Step 1: Get Organized

Avoid Common & Costly Mistakes

In this section you’ll learn exactly which tasks are the most urgent and how to avoid common mistakes that could cost you time and money.

Getting Started Tips

Use our FAQ list to familiarize yourself with common terms

  • What is an executor?

    The executor is granted the legal authority to oversee and manage an estate. They’re responsible for such things as locating the original will and filing it with the court, managing and distributing assets, clearing debts, filing tax returns, notifying those whom the will names, and responding to legal challenges.
  • Do I need an attorney?

    It really depends on the complexity of your estate. In some cases you may be able to save a lot on legal fees.

    Our friends at Full-Circle Aftercare are offering a free service to help you see if an attorney is needed or if you can skip this step and save money.
  • What is Probate?

    Probate is the legal process used to administer an estate. If a last will exists, the probate court will review it and divide and distribute assets accordingly after all outstanding debts and taxes have been paid. In cases without a last will, assets will be divided and distributed based on state law.
  • What is a living trust?

    A living trust is a legal document that allows you to manage your estate while you’re still alive. You name beneficiaries and manage your assets and how they will be eventually distributed, thereby eliminating the costs and complexities of probate.
  • What Is a Testamentary for an Estate?

    A letter of testamentary grants the executor the legal authority to manage the decedent’s assets. Issued by a probate court, it is one of the necessary documents you’ll need, along with the death certificate, to act as executor.

Get a notebook or note taking device to keep a record of conversations and documents

Full Circle Tip: When you notify organizations, be sure to include the full name of the person you spoke to, their job title, and their employer ID or extension number.

Inventory any assets or expenses related to the decedent

Below are some examples:

  • Real Estate Property:

    Deeds

    Leases

    Tax Information

  • Personal Items:

    Vehicles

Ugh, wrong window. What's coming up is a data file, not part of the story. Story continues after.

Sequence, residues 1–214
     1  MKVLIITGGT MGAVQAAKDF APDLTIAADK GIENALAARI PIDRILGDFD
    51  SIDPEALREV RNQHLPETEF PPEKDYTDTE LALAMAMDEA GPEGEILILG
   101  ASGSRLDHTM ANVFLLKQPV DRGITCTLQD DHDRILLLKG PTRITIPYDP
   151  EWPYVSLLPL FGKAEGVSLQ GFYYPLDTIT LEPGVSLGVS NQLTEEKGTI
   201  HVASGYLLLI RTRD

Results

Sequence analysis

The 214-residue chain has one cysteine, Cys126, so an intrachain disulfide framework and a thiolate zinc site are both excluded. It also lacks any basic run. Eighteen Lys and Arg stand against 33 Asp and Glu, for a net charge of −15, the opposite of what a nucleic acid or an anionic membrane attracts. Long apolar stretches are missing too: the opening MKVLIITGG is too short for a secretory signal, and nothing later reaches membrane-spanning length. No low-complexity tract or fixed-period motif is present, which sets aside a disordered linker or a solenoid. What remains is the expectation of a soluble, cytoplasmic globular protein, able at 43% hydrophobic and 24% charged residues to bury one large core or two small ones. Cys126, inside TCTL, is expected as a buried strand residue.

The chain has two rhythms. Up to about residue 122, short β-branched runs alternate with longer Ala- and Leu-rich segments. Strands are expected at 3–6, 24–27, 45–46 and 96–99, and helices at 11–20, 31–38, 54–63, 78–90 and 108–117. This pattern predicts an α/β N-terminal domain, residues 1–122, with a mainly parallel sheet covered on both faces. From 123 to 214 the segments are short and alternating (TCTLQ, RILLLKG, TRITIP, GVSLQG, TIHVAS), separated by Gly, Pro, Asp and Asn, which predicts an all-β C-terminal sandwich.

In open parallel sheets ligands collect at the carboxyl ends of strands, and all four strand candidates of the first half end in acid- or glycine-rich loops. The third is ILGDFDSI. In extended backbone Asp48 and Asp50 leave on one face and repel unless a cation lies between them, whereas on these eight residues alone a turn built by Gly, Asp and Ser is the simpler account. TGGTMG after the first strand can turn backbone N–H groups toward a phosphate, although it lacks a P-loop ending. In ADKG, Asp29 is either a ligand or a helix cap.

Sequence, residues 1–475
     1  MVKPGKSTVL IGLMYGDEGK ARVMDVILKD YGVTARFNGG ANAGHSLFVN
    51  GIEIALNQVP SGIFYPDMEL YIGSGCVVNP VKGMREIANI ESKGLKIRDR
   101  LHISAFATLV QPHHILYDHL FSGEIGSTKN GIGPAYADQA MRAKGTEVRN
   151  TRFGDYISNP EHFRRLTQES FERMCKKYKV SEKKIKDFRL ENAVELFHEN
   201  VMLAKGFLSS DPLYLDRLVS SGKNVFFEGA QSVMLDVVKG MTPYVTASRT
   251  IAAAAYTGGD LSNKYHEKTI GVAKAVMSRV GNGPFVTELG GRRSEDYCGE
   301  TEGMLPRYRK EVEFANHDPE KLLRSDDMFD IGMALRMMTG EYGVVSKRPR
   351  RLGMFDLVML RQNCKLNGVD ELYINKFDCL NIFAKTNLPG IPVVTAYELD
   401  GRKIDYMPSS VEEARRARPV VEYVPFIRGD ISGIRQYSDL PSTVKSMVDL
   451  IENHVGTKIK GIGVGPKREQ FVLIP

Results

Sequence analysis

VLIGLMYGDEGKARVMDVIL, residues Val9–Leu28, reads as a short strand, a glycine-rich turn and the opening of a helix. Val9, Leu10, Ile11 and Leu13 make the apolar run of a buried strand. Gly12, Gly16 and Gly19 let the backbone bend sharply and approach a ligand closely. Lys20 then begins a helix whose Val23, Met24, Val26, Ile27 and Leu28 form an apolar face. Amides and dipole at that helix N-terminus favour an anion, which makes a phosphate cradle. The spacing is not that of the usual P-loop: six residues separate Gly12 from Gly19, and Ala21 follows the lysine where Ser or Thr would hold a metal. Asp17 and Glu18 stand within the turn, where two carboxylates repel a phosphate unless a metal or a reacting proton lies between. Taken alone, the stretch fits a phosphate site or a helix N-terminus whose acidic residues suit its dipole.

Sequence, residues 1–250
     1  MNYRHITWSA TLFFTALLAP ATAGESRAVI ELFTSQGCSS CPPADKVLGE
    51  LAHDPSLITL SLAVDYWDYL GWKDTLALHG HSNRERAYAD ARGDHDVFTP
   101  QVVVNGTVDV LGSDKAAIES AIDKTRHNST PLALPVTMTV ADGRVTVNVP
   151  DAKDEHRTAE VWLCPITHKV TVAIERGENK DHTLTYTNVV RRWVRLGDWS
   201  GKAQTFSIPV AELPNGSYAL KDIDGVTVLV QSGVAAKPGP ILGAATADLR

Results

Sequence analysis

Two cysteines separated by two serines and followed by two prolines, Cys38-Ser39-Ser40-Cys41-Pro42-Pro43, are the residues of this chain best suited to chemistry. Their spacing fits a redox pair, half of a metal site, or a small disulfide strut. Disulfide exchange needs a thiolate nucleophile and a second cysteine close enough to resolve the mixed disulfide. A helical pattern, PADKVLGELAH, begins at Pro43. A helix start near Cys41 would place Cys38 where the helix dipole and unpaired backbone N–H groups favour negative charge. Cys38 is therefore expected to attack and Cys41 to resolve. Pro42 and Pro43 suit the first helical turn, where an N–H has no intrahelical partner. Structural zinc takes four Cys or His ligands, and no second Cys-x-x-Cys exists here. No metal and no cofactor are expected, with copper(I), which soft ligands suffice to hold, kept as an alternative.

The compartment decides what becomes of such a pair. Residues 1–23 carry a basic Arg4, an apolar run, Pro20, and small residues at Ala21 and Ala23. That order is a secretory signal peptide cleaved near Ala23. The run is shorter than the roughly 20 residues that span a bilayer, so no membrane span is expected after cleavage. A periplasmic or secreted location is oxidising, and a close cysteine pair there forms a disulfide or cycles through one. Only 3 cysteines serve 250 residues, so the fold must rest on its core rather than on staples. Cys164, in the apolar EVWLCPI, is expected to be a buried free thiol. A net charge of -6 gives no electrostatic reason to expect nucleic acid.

Furniture

    Personal Contents

  • Expenses:

    Bills

    Expenses

    Mortgages

    Utilities

  • Other Assets:

    Stocks

    Bonds

    Bank Accounts

    IRA's

    Pensions

    Life Insurance

Full Circle Tip: A credit report can help uncover many assets and expenses. If you’d like help pulling a report and making sense of it, schedule a free consultation with Full Circle.

Get Your Free Consultation

Create a plan to tend to your grief while completing needed tasks

Essential Documents & Tasks

Securing these documents and completing these essential tasks will help you be better prepared.

Determine who will be the executor of the estate and obtain a letter of testamentary

Is there a will?

Select an option below

Yes, there is a will

The executor, usually named in the will, is responsible for managing the estate. To get started, you’ll need to obtain a letter of testamentary. (This grants you the legal authority to manage the decedent’s assets.) File the will and death certificate with the probate court, along with any necessary forms they require. You may be required to provide information about the value of the estate and the date of death.

No, there wasn’t a will

Even when there is not a will, the estate’s assets still need to be distributed. The probate court will designate an administrator, usually the next of kin in most states, who will fill the role of executor and act on the estate’s behalf.

I’m not sure

Double check desk drawers, safety deposit boxes, or wherever important documents were kept. If there is no will and probate is necessary, the probate court judge will appoint an administrator, who in most states is usually the next of kin.

Locate as many of the documents listed below as possible

Will (if applicable)

Trust documents (if applicable)

Birth certificate

Death certificate

Driver’s License or State Identification

Full Circle Tip: Before acting on your loved one’s behalf, you’ll generally be asked to produce proof of your legal authority to do so. Finding these documents now will save you a lot of time when applying for benefits or notifying banks or government entities.

Make copies of dated obituaries or newspaper articles to serve as further proof of a death

Full Circle Tip: A death certificate is usually all that’s required to serve as proof of death, but it’s a good practice to make copies of other public notices in case more proof is needed.

Identity & Fraud Protection

Over 2.5 million deceased Americans have their identity stolen each year. Follow these steps to help reduce your risk.

Notify a credit bureau to ensure no one can apply for credit in your loved one’s name

Forward a copy of the death certificate to one of the three credit reporting agencies (TransUnion, Experian or Equifax). Also include the following:

Will (if applicable)

Trust documents (if applicable)

Birth certificate

Death certificate

Driver’s License or State Identification

  • For spouses also include:

    Your Name

    Mailing Address

    Copy of your ID

  • For executor include:
    Copy of:

    Will

    or

    Executor Agreement

    or

    Power of Attorney

The credit agency you notify will automatically notify the other two.
Mail information to TransUnion

TransUnion
P.O. Box 2000
Chester, PA 19016

Forward the deceased’s mail to the executor of the estate

  • Forwarding the deceased’s mail to your address will assist you in closing all proper accounts.
  • Go to the post office in person and complete a change of address form